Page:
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  White Fire Rough DiamondBuy this film here.
Year: 1984
Director: Jean-Marie Pallardy
Stars: Robert Ginty, Fred Williamson, Belinda Mayne, Jess Hahn, Mirella Banti, Diana Goodman, Gordon Mitchell, Henri Guégan, Jean-Marie Pallardy
Genre: Action, Thriller, Trash, Adventure
Rating:  4 (from 1 vote)
Review: Twenty years ago brother and sister Bo (Robert Ginty) and Ingrid (Belinda Mayne) Donnelly had to flee an Eastern European country with their parents under a hail of machine gun fire from the soldiers pursuing them, but their escape did not come without a cost. After sending them ahead, their father was gunned down and once they reached a beach a soldier chasing them shot their mother dead, though there was a silver lining in that they met Sam (Jess Hahn) who broke the killer's neck and adopted both of them. Now, they have a line in Turkish diamond smuggling...

Baffling the unwary ever since its initial release back in the mid-eighties, this WTF-fest was one of many low budget action flicks that emerged all over the world as production companies outside Hollywood (in this case a European co-production lensed in Turkey) attempted to emulate the success of the major hits in the field, a practice which continues to this day. It was the brainchild of a French filmmaker of largely soft porn projects, Jean-Marie Pallardy, although you'd be forgiven for not being aware of that thanks to his credit on the opening titles taking the form of his illegible scrawl of a signature. He managed to recruit two American stars, The Exterminator himself, Ginty, and The Hammer himself, Fred Williamson.

Not that The Hammer was given much to do, only showing up when the movie was over an hour into its plot, and even then offering the hard to believe statement "I detest physical violence!" before going on to belie that with his subsequent behaviour. You would not get too impatient waiting for Williamson, as there was plenty to take up your time here, mostly laughing if you had any kind of sense of humour at all. After that tearjerking flashback for the beginning, we are plunged into the now grown up Ingrid's double life as she works in a diamond mine whose offices are weirdly decked out like the Starship Enterprise, all the better to nick the merchandise from.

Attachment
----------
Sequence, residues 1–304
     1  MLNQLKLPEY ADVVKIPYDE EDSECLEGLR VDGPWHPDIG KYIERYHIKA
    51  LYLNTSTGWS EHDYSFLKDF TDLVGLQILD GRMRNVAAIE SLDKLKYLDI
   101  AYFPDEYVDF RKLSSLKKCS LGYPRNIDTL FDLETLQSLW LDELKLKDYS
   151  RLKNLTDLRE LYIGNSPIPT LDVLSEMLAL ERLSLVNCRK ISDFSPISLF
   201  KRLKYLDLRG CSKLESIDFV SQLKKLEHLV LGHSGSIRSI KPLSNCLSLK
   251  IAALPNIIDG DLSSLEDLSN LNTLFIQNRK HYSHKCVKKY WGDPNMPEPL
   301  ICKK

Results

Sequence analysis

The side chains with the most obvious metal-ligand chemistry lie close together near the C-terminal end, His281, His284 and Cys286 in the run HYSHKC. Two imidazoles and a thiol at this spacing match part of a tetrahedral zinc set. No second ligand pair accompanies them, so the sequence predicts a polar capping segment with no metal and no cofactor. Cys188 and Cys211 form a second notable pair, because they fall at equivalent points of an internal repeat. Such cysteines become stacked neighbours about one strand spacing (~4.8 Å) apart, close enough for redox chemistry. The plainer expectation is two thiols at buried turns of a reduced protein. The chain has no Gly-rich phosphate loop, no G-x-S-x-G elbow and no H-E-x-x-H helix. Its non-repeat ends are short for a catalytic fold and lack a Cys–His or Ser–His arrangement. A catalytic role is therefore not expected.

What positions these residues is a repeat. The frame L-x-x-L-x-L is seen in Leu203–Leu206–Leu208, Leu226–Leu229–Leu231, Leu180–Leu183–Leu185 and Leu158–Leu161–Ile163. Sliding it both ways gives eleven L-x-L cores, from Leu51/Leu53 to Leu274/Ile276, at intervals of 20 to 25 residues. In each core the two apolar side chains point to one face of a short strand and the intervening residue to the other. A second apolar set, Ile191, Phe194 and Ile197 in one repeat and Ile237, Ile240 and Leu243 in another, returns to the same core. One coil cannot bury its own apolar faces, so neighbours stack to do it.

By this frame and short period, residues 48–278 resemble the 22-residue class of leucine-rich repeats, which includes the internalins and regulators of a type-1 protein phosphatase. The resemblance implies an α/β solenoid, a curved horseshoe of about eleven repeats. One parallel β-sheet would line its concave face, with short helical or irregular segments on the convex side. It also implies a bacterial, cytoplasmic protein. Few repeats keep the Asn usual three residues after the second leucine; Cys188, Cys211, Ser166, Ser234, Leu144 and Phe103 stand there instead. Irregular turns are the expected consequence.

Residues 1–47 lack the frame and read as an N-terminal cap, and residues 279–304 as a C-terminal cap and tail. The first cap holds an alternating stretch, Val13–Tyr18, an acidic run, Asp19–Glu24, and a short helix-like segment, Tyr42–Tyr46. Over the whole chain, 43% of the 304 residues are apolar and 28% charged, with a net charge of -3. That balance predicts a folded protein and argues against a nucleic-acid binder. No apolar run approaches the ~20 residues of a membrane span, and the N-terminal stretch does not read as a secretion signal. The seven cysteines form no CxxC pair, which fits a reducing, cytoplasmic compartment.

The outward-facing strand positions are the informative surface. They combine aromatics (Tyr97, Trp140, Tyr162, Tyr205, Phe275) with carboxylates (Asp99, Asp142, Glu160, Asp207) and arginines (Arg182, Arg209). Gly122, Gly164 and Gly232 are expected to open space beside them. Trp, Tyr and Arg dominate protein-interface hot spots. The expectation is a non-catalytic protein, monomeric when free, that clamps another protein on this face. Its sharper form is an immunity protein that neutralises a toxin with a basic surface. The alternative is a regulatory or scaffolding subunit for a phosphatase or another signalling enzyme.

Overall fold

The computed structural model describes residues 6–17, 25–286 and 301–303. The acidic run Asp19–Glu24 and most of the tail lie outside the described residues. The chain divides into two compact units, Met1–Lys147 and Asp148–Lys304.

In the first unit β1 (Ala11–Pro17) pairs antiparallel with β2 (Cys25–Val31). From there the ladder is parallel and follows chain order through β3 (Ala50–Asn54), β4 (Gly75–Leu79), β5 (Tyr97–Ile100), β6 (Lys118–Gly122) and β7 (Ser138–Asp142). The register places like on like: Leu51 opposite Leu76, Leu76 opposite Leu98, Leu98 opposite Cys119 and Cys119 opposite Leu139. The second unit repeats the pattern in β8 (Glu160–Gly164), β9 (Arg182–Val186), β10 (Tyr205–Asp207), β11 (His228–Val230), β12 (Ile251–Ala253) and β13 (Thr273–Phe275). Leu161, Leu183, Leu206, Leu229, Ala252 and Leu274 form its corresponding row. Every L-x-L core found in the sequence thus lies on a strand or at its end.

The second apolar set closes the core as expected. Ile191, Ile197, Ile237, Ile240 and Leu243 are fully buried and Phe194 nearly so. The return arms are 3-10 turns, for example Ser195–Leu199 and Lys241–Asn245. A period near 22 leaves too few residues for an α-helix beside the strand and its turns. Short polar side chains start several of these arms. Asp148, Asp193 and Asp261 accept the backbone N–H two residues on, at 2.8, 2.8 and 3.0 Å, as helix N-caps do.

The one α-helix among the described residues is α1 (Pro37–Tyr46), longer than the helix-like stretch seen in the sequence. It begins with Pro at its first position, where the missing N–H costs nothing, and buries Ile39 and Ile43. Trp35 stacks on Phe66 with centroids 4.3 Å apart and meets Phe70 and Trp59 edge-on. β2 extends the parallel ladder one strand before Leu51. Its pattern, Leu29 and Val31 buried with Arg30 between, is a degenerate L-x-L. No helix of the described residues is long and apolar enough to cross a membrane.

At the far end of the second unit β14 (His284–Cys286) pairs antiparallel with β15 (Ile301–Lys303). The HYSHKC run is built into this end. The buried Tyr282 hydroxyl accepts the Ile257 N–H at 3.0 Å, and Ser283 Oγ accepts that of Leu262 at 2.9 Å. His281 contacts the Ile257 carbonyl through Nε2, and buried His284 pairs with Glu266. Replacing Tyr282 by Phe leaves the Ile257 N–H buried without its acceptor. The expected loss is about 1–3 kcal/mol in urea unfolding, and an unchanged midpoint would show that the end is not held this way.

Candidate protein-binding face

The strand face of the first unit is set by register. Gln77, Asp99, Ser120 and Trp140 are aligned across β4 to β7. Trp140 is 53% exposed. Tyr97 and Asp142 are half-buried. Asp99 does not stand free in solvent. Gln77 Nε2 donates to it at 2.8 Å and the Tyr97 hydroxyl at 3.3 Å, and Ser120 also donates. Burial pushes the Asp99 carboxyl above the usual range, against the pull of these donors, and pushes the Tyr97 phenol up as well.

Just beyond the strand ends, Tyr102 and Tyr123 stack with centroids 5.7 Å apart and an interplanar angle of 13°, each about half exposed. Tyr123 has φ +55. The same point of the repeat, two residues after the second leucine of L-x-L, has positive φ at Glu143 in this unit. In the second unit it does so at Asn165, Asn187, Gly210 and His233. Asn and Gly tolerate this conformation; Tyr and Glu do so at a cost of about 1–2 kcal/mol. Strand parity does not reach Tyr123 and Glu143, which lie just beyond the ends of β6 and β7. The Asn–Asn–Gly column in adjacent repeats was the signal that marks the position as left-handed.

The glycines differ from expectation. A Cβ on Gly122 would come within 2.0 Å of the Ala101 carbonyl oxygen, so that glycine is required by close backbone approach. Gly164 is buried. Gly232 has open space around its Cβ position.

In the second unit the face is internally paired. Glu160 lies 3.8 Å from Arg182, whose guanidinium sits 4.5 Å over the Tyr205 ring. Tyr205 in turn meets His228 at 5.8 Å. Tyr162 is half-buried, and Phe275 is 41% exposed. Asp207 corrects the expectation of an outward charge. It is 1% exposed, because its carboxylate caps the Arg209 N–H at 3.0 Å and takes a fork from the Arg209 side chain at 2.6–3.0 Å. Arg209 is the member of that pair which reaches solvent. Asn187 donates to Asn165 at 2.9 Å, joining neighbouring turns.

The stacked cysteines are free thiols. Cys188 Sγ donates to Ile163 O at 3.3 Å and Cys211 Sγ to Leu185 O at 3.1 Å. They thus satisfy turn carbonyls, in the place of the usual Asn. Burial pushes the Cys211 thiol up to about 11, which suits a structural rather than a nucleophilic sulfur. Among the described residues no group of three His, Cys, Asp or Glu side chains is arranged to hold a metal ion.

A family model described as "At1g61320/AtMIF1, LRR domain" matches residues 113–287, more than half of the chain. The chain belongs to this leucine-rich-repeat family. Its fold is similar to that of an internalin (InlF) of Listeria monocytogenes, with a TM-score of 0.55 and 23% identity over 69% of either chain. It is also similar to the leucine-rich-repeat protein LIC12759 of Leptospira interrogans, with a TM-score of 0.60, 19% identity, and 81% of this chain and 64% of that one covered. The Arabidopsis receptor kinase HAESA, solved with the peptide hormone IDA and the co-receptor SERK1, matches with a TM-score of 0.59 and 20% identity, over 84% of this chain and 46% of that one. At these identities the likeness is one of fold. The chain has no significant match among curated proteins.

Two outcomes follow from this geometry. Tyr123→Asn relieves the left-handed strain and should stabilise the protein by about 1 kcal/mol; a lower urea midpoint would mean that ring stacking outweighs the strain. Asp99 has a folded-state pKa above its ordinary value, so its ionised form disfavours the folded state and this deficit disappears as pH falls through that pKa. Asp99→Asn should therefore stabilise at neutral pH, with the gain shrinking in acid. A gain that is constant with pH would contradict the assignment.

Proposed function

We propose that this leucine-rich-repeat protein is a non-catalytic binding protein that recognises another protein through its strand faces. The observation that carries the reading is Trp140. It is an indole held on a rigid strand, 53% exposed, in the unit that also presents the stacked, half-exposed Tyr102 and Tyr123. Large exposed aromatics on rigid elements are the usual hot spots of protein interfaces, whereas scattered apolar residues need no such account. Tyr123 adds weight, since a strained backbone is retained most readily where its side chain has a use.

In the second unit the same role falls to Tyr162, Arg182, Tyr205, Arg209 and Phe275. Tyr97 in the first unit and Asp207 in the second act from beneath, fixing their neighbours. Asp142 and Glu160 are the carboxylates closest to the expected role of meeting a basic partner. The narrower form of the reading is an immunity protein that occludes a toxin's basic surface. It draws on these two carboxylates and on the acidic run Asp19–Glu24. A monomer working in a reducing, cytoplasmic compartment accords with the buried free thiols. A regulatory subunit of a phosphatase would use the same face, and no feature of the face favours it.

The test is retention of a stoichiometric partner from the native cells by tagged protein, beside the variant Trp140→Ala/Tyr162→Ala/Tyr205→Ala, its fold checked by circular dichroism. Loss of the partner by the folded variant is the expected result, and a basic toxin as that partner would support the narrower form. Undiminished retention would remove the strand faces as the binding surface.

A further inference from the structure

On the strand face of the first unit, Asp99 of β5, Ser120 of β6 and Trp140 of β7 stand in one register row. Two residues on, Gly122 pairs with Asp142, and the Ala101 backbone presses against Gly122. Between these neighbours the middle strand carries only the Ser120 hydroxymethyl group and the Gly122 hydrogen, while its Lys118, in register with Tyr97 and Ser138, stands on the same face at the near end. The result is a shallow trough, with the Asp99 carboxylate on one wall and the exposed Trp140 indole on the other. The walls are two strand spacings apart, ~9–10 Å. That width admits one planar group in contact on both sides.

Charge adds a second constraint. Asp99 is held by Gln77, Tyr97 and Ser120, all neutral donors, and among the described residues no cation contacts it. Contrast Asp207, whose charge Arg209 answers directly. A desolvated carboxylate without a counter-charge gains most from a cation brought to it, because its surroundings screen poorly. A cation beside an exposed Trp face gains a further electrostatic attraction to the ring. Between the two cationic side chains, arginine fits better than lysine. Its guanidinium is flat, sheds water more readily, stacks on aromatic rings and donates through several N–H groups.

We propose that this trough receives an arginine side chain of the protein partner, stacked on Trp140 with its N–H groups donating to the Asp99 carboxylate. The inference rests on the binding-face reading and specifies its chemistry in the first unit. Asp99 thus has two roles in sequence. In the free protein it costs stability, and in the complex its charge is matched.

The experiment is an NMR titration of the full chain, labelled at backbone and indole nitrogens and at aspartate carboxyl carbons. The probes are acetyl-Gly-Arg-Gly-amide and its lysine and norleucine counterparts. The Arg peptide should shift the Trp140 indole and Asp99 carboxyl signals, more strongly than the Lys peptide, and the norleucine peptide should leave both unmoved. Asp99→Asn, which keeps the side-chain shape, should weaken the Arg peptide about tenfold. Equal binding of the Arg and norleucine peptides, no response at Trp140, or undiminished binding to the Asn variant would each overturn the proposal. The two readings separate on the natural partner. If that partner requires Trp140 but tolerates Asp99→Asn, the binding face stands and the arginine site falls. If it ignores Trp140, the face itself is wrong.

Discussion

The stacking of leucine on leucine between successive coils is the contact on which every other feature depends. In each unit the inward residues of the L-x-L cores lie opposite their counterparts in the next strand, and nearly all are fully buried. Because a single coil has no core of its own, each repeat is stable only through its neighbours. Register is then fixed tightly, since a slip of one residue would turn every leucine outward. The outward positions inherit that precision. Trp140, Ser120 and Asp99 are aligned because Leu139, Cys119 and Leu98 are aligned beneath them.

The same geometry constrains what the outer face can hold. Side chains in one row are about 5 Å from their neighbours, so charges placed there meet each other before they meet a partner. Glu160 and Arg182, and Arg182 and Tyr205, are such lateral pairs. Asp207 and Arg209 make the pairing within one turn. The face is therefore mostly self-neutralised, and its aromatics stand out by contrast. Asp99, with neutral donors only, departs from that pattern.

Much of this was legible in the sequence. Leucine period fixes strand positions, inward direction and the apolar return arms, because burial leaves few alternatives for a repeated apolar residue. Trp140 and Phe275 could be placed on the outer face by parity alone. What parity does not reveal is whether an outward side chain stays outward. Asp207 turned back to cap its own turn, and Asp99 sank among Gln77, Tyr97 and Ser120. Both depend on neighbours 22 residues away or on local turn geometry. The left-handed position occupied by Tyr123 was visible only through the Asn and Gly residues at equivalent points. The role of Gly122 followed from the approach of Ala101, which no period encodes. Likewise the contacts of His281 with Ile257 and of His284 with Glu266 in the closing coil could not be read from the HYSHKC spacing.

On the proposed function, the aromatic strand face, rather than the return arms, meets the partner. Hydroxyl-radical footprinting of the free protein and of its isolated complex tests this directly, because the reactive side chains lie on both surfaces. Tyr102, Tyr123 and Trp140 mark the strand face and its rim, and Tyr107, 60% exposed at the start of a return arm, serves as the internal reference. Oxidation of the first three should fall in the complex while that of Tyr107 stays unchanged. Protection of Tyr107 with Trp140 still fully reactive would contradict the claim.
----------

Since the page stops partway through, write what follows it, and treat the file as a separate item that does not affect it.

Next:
Not that this is a good idea due to the owner, Gordon Mitchell, tending to torture thieves to death right there on the premises, but Ingrid does free a bag of gemstones to bring back to Bo. However, no sooner have they secured the goodies than they are stolen from them by an Italian (I think that's the intended accent) crime boss called Sophia (Mirella Banti), but get away after an absurdly violent scuffle which sees Ginty fending off the heavies by taking a chainsaw to them, though Ingrid assists with a pole impalement, which is nice. One boat ride with a topless woman later, and they're home, but there's a more attractive proposition than small diamonds at the mine - how about one great big diamond?

Sure, it's radioactive for reasons unexplained, but it must be worth millions (Two thousand carats!" quoth an impressed Mitchell), so the rest of the movie details the characters trying to get their hands on it. There is a complication that has nothing to do with the giant stone, and that's Bo's over-fond relationship with Ingrid: witness her nude swim which is crashed by Bo, who after she emerges from the water whips off her towel and tells her it's a pity she's his sister as he gets an eyeful. As if that were not bad enough, she is - spoiler! - shot dead with a dart gun (!) by Sophia's henchmen and after drowning his sorrows in a bar, Bo takes home a woman he meets there, strikes up a love affair because she looks so much like Ingrid, then persuades her to have plastic surgery to look identical, which she did anyway. Then they fall in love, all because she reminds him so much of, well, you get the idea, leaving White Fire uncomfortable when it's not hilarious - or hilarious because it's uncomfortable. That's without mentioning further gratuitous violence and equally gratuitous rock ballads; frankly bizarre.
Reviewer: Graeme Clark

 

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